Tuberculosis - The spoil sport.

Govindarajan M - Indian J Radiol Imaging (2008)

FDG-PET/CT demonstrates metabolically active retroperitoneal adenopathy (white arrows), ascites, metabolically active peritoneal deposits and extensive metabolically active omental thickening (red arrows)
© Copyright Policy - open-access
Related In: Results  -  Collection

License
Show All Figures
getmorefigures.php?uid=PMC2747427&req=5

Figure 0001: FDG-PET/CT demonstrates metabolically active retroperitoneal adenopathy (white arrows), ascites, metabolically active peritoneal deposits and extensive metabolically active omental thickening (red arrows)
Mentions: A 56-year-old woman presented with ascites and lymphadenopathy, which were suggestive of metastases. An FDG PET/CT scan revealed [Figure 1] metabolically active, extensive lymphadenopathy in the axilla, mediastinum, abdomen, pelvis, and in the inguinal regions; there was also diffuse omental thickening with enhancement, a few faintly enhancing peritoneal soft tissues, right pleural effusion, and ascites. There was a maximum Standard Uptake Value (SUV) of 3.2 in the periportal, perigastric, peripancreatic, retrocaval, and retrocrural lymph nodes. The delayed PET/CT images demonstrated a slight increase in the SUV. A probable diagnosis of lymphoma was considered. Biopsy from a metabolically active retroperitoneal lymph node ruled out lymphoma and confirmed tuberculosis.

View Article: PubMed Central - PubMed

Affiliation: Bangalore Institute of Oncology- Health Care Global-Bangalore, Teleradiology Solutions, Bangalore, India. E-mail: revathigovind@gmail.com.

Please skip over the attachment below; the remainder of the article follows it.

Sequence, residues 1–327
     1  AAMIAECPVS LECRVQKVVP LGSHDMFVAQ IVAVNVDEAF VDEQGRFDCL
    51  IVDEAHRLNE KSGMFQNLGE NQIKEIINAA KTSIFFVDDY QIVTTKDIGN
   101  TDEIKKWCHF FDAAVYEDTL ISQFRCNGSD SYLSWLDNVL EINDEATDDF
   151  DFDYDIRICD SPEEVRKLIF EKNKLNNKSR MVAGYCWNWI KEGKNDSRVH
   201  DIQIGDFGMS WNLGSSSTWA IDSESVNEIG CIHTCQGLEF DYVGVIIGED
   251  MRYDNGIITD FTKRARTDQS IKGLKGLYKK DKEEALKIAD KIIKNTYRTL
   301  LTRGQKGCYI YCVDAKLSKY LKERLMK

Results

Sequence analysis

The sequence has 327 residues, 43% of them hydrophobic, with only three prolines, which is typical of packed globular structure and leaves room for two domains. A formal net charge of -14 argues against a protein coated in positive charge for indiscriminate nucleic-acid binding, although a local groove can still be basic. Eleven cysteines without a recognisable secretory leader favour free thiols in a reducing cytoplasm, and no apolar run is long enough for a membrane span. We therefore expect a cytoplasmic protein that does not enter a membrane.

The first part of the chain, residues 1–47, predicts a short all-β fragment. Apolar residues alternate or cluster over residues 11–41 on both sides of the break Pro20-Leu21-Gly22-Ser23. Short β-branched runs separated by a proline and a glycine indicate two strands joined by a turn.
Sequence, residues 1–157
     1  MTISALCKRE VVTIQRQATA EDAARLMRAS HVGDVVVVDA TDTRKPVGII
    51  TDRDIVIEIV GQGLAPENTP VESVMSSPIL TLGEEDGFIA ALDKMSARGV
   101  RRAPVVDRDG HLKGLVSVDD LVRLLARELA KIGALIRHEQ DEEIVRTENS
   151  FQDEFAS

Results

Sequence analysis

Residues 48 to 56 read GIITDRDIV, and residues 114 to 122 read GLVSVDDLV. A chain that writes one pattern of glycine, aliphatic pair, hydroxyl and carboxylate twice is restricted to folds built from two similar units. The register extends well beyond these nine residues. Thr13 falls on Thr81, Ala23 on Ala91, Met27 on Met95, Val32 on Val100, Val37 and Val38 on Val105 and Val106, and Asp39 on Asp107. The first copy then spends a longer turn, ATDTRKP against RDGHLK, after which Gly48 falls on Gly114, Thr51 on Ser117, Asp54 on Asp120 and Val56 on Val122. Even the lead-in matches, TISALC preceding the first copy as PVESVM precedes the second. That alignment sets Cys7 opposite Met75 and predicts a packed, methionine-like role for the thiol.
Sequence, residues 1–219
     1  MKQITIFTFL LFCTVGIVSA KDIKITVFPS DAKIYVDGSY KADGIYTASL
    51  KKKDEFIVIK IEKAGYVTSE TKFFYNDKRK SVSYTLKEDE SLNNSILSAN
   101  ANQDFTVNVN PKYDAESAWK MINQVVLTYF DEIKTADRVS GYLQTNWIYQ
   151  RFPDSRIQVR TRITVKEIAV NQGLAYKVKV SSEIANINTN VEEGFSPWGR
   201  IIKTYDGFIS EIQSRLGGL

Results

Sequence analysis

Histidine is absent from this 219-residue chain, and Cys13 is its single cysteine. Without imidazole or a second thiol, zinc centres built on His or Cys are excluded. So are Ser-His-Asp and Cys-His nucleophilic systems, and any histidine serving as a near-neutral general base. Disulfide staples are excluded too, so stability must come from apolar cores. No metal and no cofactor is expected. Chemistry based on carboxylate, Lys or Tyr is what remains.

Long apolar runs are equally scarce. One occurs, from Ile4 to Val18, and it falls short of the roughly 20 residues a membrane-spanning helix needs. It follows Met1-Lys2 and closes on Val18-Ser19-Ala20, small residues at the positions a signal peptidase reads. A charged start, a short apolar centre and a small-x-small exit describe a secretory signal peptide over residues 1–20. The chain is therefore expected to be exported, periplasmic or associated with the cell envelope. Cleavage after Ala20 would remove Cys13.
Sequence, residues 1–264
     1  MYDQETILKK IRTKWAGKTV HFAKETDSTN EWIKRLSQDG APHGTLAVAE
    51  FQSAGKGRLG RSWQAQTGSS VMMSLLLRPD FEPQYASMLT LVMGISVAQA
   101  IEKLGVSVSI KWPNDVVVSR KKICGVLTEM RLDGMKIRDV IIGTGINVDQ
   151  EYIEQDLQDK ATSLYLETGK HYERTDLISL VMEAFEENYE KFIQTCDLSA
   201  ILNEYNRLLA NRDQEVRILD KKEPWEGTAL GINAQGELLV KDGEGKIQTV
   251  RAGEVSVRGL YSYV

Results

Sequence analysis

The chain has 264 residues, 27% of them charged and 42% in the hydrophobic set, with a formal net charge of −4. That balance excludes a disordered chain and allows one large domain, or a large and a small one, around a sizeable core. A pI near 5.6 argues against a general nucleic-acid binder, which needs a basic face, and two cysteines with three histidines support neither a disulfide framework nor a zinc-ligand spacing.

AUTOMATICALLY GENERATED EXCERPT
Please rate it.

An FDG PET/CT scan revealed [Figure 1] metabolically active, extensive lymphadenopathy in the axilla, mediastinum, abdomen, pelvis, and in the inguinal regions; there was also diffuse omental thickening with enhancement, a few faintly enhancing peritoneal soft tissues, right pleural effusion, and ascites... An FDG PET/CT scan revealed [Figure 2] metabolically active, extensive skeletal osteolytic lesions in the calvarium, in the vertebral column at multiple levels, including the body and posterior elements and in the sternum, scapulae, ribs, and pelvic bones... No metabolically active lymphadenopathy was identified... A large metabolically active soft tissue mass was associated with the sternal lesion... A maximum SUV of 3.7 was seen in some of the skeletal lesions... Multiple metabolically active lung nodules were seen in both upper lobes and in the apical segment of the left lower lobe, with a maximum SUV of 1.5... On delayed images, there was significant increase in the SUV value of the majority of the lesions... Tuberculosis can have a varied presentation... There are reports of metabolically active breast masses with extensive axillary, cervical, and mediastinal lymphadenopathy that were initially mistaken for breast cancer with extensive lymph nodal metastasis but were later confirmed to be of tuberculous etiology... The above cases demonstrate the inadequacy of PET in the presence of tuberculosis... The associated diagnostic CT scan, though still not very specific, can be very useful in demonstrating the morphological details, particularly when used with intravenous contrast... Necrotic lymph nodes on contrast-enhanced CT scan (CECT), centrilobular lung nodules on high-resolution CT scan of the lungs, and soft tissue calcifications etc., can help in arriving at a confident diagnosis of tuberculosis... In high-prevalence geographic regions like India, tuberculous etiology should always be considered in the differential diagnoses and must be ruled out before a diagnosis of malignancy is made.

No MeSH data available.


Related in: MedlinePlus